The Members Of ‘Trap Jazz’ Want The New Docu-film On HULU To Motivate & Inspire


Introducing Trap Jazz, the new docu-film that documents the creation of this new genre of music. Presented by Black multi-media platform Andscape and HULU, Trap Jazz tells the story of three classically-trained musicians — founder Chris Moten, drummer Devon Stixxx, and producer Cassius Jay — all of whom have worked behind-the-scenes with some of the world’s biggest recording artists to date.

Now, it’s time they step into the limelight. Hailing from Atlanta, all three members are best friends who came together to form this unique, one-of-a-kind band, showcasing the reality of their rise from the hood to the main stage, while pushing forth the undeniable power that comes with music.

Chris Moten, who created Trap Jazz in 2015, states, “Trap Jazz is the community, the neighborhood, the hood, the streets. The pain, the struggle, everything that you go through in the hood. Not saying that it’s only for people from the hood. It’s still the pain, struggle, and conflicts of life, mixed with the medicine or therapy of music, to be able to overcome it. Or to be able to cope with it or deal with it.”


He continues, “Trap Jazz is all of that together. It’s the pain, the struggle and the success, all wrapped up in one. It’s Hip-Hop music from way back in the day, but it’s trap music because it’s today. That’s the whole Hip-Hop part of it, that’s the trap side. It’s not just the music, it’s the culture. It’s the family, it’s your friends. It’s the loved ones, it’s all of that together.”

The Source had the chance to speak with all three musicians at the Ace Hotel in downtown Los Angeles, just one day before their official screening at the same venue. Trap Jazz is available now on HULU.

What do you want people to take away from the film?

Chris Moten: I want you to take away the pain, the struggle, the trials of life, the complications. The downtime, the depression, the failures. Rock bottom is important to all of us, failure is important to all of us. But it’s what we do with that. When they see the film and all of my trials and tribulations that I went through, that I’m still pushing for success and to make it. No matter the hand that life has dealt you, you can still win.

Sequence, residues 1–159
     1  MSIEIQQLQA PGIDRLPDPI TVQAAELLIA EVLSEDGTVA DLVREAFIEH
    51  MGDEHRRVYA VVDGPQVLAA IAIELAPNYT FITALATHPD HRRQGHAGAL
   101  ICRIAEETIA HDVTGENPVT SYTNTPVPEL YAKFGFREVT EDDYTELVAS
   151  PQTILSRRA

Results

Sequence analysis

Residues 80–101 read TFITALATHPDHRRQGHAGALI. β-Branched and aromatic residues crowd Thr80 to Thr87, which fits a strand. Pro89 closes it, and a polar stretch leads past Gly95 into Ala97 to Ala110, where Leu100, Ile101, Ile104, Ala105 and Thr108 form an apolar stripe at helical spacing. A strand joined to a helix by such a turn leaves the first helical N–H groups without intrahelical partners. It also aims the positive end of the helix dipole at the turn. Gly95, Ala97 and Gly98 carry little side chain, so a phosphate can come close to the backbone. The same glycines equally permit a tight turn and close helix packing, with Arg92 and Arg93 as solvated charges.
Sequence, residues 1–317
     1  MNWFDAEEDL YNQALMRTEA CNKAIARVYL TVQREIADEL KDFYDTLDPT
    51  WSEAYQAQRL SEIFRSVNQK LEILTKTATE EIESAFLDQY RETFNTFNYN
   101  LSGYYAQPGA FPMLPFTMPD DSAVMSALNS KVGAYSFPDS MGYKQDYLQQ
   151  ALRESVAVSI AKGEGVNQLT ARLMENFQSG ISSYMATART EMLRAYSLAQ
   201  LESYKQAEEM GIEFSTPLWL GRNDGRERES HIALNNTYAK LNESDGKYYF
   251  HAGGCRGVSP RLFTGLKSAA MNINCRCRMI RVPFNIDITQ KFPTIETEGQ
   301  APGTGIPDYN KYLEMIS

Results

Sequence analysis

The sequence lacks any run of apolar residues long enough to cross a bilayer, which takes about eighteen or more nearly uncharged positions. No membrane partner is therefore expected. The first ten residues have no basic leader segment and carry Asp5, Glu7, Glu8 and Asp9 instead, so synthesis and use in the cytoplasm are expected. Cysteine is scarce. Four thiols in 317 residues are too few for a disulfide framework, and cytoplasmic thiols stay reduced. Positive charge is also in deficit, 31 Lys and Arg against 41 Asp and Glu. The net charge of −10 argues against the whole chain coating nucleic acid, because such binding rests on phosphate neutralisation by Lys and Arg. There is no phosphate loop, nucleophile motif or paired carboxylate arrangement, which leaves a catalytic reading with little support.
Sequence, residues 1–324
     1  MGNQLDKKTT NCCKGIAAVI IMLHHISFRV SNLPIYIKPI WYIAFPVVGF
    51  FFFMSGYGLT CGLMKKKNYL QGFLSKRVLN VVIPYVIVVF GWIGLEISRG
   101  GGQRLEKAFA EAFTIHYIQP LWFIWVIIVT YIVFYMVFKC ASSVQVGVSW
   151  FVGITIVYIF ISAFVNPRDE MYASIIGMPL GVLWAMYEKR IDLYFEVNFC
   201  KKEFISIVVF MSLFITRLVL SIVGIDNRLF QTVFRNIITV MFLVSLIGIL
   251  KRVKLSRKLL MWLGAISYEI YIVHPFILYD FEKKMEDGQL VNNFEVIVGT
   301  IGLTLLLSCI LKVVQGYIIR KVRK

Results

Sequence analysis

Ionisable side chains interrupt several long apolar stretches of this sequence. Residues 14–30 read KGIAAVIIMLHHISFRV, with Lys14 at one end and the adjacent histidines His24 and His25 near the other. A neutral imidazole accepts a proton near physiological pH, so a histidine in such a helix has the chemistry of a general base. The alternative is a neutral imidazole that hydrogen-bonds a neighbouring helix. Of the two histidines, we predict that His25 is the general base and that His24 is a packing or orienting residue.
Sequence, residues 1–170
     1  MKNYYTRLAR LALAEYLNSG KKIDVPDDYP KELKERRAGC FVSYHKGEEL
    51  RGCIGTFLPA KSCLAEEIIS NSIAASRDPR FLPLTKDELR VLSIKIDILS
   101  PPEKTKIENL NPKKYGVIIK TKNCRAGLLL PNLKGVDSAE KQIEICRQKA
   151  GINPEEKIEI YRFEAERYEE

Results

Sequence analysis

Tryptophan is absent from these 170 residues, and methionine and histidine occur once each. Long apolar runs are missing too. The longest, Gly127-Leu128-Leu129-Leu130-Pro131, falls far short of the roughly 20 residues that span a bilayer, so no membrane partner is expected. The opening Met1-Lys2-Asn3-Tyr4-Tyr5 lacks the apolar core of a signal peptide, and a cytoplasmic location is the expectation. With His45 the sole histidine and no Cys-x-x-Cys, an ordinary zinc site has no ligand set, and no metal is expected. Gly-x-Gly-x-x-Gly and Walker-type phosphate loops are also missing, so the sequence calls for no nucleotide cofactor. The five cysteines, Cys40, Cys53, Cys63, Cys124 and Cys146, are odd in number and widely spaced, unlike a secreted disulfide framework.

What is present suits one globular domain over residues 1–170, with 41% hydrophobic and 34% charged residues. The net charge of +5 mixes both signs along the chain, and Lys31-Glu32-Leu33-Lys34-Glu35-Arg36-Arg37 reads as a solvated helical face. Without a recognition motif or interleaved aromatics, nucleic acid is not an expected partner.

And the devil will not win. The devil will work in your life, but he will not win. No weapon formed against us shall prosper. It’s not the pain that we go through that makes us, it’s what we do with the pain. Like a knife being forged in the fire, it has to be beat on by rocks over and over again. And burnt up and burnt up and beat on. We have to go through pain in order to experience our true destiny,

The movie, it’s not about what you see us doing at a high level. I don’t want them to be misinformed by that. I want them to be able to relate, that they don’t take from this that “oh, they’re this and they’re that. They’re doing something that we can’t do.” No, look at the history. Look at the story that we come from. The beginning, just like everybody.

Cassius Jay: Basically, don’t give up on your dreams! If you have an idea, go with it. I don’t care how long it takes. 4, 5, 6 years, go with it. Run with it. Don’t give up.

Devon Stixxx: I want them to take away the fact that we put our all into this, and the fact that we’re starting something new for the new generation. I want them to get a good view of us, to see our hearts and how humble we are. How much this really means to us. 

Hip-Hop celebrates 50 years this year, what does Hip-Hop mean to you?

Chris Moten: Without Hip-Hop, I wouldn’t know how to turn pain into prosperity. Hip-Hop has done that. It’s not just the music, it’s where Hip Hop came from. It’s the African American culture that created it, how we started it, and what they did with it. Tried to use it against us and how we took it. Exactly what I’m saying: use the evil that they tried to use against us, we turned it into our success story. We use our pain and turn it to success. Hip-Hop is that for me. It’s not just the sound that we listened to. It’s everything that we’re made up of, from beginning to end. 

Cassius Jay: It means a lot. Shout out Zaytoven, Zaytoven on that joint too. Hip-Hop means a lot. I wouldn’t be here if it wasn’t for Hip-Hop. I wouldn’t be able to take care of my family if it wasn’t for Hip-Hop. The culture of Hip-Hop really taught me don’t give up when you struggle, just keep going on. Thanks Hip-Hop!

Devon Stixxx: Hip-Hop means the world to me. I love Hip-Hop. Without Hip-Hop, I wouldn’t be able to play a lot of the drum beats and enjoy a lot of the things that I do within the music that I play. I love Hip-Hop! And I got a chance to play with a lot of Hip-Hop artists too, so it’s good.

What does Trap Jazz mean to Atlanta and Atlanta’s standing on the music landscape?

Chris Moten: For me, Andre 3000 is my favorite rapper. Like he said at The Source Awards, “The South got something to say.” For a long time, Hip-Hop was New York and LA. It was East Coast, West Coast. We all know that. After 3000, Outkast, and Goodie Mob, the South has been ringing bells. Sounding off alarms ever since. We’re one of those alarms. For Atlanta, it means that we win together once again, putting Hip-Hop on the platform and doing something that nobody else has done. You gotta know that can only come out of Atlanta. 

Cassius Jay: Trap Jazz means a lot, because Atlanta started culture. We started a whole new genre, a whole new culture. It means a lot, Trap Jazz means the world to Atlanta. Everybody’s supporting it, so it’s very big in the culture.

Devon Stixxx: Trap Jazz means a lot to Atlanta because a lot of trap music comes from Atlanta anyways. We have a lot of amazing musicians and jazz artists. For us to be able to infuse the two, it’s something that’s different and something that’s unique for Atlanta. And we all are from Atlanta, so we’re putting Atlanta on the map with this. This new genre.